Brie Larson is currently the favorite to take home the award for Best Actress, and it’s a well-deserved honor for the young actress. As her character, Larson was forced to run through such a wide range of emotions and commands on the screen in her moments of fear, uncertainty, and fleeting moments of optimism. The onscreen bond between Larson and the young Jacob Tremblay provide Room with its heart and soul.

Director Lenny Abrahamson is masterful in his use of space, making the extreme confines of the room seem more spacious in moments and all the more constrictive in others. Room isn’t likely to take home top honors on Sunday, but it’s still an excellent film that deserves a wider audience.

5) The Big Short

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The Big Short is a film about institutional arrogance. In the film, which is based upon the non-fiction book by Michael Lewis, the financial institutions (predominantly consisting of white men) ignore all the warning signs of the intricate house of cards they’ve constructed. In a lot of ways, it resemble the Academy and the controversy surrounding the lack of diversity in the nominations, something that many Academy members have taken issue with as if they’re beyond criticism.

Adam McKay’s film is frustrating and funny in its portrait of the 2008 economic collapse. It features a robust ensemble cast, including Christian Bale, Steve Carrell, and Brad Pitt among others. McKay doesn’t allow one actor or another to tower over the work. The focus remains entirely on the issue at hand, with McKay injecting a number of fourth-wall breaking scenes to help inform the audience of the machinations behind the financial system. Most fascinating in the film is the manner with which McKay plays with cinematic form to emphasize the fact that there’s just something off about everything that’s transpiring on the screen.

The Big Short might wind up being the dark horse nominee that races past its competitors at the last minute. If that is the case, The Big Short winning wouldn’t be considered an upset but an ironic moment where an arrogant institution honors a story about institutional arrogance.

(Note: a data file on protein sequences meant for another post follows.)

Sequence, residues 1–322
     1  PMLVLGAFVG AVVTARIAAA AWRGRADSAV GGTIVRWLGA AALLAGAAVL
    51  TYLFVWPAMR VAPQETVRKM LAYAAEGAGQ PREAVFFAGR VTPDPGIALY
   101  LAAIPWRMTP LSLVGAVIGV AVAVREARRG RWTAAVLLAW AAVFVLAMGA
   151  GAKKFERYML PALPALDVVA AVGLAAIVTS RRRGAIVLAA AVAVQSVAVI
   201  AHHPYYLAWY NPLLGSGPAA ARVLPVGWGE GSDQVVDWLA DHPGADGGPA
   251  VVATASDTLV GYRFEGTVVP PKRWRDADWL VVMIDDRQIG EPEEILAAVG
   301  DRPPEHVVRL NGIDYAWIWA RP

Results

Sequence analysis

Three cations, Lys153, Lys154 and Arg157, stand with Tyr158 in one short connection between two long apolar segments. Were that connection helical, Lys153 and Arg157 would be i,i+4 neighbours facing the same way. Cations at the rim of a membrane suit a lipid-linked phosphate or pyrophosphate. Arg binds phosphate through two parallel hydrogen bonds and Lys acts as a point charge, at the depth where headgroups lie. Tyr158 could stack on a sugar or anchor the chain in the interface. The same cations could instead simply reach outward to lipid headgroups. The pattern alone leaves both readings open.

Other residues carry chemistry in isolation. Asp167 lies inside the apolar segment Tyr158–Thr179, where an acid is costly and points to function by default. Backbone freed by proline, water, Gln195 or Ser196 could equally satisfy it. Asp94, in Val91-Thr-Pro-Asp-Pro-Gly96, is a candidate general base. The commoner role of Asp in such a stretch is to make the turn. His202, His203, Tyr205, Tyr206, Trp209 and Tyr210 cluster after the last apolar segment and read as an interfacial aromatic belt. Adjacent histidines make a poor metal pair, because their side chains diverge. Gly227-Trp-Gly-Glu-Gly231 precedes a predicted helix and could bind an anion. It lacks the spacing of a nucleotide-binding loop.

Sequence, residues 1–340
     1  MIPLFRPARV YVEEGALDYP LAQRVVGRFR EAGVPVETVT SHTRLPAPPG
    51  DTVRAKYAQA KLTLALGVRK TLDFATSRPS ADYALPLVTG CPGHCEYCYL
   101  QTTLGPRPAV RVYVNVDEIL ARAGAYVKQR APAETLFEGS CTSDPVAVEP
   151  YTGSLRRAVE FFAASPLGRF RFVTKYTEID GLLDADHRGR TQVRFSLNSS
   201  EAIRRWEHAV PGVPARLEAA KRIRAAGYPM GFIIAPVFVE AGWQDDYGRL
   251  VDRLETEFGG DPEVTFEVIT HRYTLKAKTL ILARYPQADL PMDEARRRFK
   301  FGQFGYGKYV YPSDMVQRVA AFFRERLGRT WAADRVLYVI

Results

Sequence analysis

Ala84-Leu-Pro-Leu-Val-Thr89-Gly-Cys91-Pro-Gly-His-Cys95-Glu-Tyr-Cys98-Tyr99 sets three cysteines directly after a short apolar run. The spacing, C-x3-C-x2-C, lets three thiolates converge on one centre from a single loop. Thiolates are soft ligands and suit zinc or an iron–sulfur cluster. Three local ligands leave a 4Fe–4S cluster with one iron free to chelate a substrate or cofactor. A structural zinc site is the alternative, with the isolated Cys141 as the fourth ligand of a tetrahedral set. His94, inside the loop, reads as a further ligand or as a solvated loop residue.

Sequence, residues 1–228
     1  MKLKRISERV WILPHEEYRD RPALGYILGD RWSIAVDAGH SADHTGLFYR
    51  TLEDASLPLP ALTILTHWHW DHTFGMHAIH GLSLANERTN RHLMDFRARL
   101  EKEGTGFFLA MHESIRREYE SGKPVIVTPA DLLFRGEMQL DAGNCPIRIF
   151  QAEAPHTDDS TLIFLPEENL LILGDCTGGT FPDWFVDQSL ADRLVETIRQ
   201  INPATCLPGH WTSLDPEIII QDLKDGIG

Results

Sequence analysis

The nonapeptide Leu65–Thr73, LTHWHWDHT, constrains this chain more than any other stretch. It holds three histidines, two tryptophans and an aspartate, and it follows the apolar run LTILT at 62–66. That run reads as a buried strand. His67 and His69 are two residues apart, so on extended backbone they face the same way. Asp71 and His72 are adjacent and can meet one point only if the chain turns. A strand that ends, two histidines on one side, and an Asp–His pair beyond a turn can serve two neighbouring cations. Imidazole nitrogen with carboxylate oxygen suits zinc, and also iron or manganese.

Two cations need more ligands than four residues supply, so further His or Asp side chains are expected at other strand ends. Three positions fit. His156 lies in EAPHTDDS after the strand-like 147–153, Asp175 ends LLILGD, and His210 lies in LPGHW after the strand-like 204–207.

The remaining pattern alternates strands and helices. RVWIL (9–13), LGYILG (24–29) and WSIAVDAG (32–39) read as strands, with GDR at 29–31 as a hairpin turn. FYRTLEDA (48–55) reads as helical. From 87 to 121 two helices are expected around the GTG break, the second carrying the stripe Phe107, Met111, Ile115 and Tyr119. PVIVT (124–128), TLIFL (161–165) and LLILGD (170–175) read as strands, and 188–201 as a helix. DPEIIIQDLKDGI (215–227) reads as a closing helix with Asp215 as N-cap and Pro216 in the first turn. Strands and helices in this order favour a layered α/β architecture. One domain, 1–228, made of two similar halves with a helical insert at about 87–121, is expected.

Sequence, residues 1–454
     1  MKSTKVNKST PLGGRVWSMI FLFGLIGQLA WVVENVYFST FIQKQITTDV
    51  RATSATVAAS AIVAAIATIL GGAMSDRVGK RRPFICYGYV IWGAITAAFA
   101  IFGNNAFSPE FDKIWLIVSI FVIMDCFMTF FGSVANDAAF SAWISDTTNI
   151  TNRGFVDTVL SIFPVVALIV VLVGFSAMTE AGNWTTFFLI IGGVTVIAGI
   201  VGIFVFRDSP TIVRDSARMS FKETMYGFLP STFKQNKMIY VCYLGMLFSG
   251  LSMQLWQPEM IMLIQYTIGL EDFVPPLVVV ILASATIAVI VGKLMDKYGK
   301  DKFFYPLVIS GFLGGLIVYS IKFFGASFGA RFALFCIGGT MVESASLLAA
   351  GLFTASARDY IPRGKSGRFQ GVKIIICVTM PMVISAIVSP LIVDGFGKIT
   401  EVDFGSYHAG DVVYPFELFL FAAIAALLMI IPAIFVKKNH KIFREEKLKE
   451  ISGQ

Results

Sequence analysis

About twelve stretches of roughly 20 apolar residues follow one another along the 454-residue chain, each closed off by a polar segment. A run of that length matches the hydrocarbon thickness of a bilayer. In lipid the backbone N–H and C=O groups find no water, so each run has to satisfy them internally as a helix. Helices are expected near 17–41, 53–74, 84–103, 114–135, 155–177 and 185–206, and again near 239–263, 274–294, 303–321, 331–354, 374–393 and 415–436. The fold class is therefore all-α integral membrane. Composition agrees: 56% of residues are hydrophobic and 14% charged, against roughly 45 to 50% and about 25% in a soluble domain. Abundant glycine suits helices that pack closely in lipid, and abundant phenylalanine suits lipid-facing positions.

4) Bridge of Spies

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Steven Spielberg’s first film since 2012’s Lincoln flew under the radar for the most part. It wasn’t met with the universal praise that typically greets a work by the modern master of filmmaking. Spielberg’s film isn’t the historical drama that’s advertised, though it is based on historical events. Bridge of Spies is actually a moral dilemma about the struggle for the American soul. It may take place in the early ‘60s and deal with the Soviet Union, but the central conflict is just as relevant now as it was then – how can we claim the moral high ground if we don’t uphold those ideals towards our enemies?

As usual, Tom Hanks is great as the principled attorney James B. Donovan. But the real scene stealer of Bridge of Spies is Oscar nominee Mark Rylance as the suspected spy Rudolf Abel. Despite all the high stakes tension of spies and Soviets, Bridge of Spies is also quite funny in moments. The script co-written by the Coen Brothers and Matt Charman injects minor moments of levity that cut the tension without dulling the edge of the story.

Bridge of Spies may not win the big one, but it’ll survive over the years and will eventually be recognized as an overlooked film from Steven Spielberg. In the meantime, the struggle for the American soul will continue and the film will serve as guide for those willing to be introspective.

3) Spotlight

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Like The Big Short, Spotlight is an ensemble about institutional arrogance. In this case, the Catholic Church in Boston and its longstanding and disgusting habit of covering up the sexual abuse committed by its priests. Tom McCarthy’s film is also a tragic critique of the decline of traditional journalism in the age of the internet, as the reporters of the Boston Globe uncover the layers of deceit over a lengthy investigation.